Amy Edmondson, an organizational behavioral scientist at Harvard Business School, is well known for her work on teams. Google used some of her work in their own studies. The ReWork site talks about the concept of Psychological Safety as the most important key dynamic for team effectiveness.
In this TedX, Edmondson illustrates the importance of psychological safety in a work place. And she offers three simple things individuals can do to foster team psychological safety:
- Frame the work as a learning problem, not an execution problem.
- Acknowledge your own fallibility.
- Model curiosity and ask lots of questions.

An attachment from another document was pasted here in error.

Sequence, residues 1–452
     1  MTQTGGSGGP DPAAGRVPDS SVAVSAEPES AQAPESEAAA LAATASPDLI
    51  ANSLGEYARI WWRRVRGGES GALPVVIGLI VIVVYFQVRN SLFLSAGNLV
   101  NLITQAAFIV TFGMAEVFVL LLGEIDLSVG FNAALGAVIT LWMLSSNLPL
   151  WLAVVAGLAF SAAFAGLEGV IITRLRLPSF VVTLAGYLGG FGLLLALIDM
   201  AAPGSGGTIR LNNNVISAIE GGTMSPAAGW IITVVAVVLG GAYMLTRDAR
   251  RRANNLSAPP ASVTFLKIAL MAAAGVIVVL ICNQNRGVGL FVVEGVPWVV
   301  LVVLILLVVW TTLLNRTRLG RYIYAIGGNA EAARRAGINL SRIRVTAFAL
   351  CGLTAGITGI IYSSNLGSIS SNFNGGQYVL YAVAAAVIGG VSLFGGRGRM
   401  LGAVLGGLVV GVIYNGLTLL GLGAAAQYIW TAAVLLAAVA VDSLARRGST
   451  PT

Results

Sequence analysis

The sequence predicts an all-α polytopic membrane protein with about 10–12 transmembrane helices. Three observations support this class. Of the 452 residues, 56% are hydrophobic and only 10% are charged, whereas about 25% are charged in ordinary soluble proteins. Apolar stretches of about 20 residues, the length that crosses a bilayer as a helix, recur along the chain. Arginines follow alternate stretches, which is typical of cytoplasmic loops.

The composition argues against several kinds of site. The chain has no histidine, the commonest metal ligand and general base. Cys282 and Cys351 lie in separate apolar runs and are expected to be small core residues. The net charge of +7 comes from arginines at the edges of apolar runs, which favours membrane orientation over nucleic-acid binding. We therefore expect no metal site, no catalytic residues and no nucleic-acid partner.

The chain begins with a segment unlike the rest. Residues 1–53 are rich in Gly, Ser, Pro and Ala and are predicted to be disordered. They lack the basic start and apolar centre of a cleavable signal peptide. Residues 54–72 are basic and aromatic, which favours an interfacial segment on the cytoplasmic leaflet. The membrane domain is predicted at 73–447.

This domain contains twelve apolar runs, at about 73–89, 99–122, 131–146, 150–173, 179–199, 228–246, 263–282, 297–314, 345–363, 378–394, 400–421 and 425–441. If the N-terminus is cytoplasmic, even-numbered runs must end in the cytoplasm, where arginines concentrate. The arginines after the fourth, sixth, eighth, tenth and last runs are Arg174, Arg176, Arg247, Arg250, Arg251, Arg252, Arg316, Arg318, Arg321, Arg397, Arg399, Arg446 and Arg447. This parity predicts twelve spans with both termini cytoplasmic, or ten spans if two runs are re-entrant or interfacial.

First, frame the work as a learning problem, not an execution problem. Recognize, make explicit that there's enormous uncertainty ahead and enormous interdependence.
Given those two things, we've never been here before. We can't know what will happen. We've got to have everybody's brains and voices in the game. That creates the rationale for speaking up.
Second, acknowledge your own fallibility. You know you're fallible. Say simple things like, "I may miss something I need to hear from you." This goes, by the way, for subordinates and colleagues, peers alike. That creates more safety for speaking up.
And third, model curiosity. Ask a lot of questions. That actually creates a necessity for voice.
And so, these three simple things can go a long way towards creating the kind of workplace